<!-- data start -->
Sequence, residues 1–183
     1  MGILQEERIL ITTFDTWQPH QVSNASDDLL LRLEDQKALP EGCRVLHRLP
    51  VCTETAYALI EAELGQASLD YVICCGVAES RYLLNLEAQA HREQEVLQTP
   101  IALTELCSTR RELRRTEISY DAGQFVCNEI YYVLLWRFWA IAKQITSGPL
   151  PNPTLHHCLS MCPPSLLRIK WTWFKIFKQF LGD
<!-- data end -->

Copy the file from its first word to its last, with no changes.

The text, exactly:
Sequence, residues 1–183
     1  MGILQEERIL ITTFDTWQPH QVSNASDDLL LRLEDQKALP EGCRVLHRLP
    51  VCTETAYALI EAELGQASLD YVICCGVAES RYLLNLEAQA HREQEVLQTP
   101  IALTELCSTR RELRRTEISY DAGQFVCNEI YYVLLWRFWA IAKQITSGPL
   151  PNPTLHHCLS MCPPSLLRIK WTWFKIFKQF LGD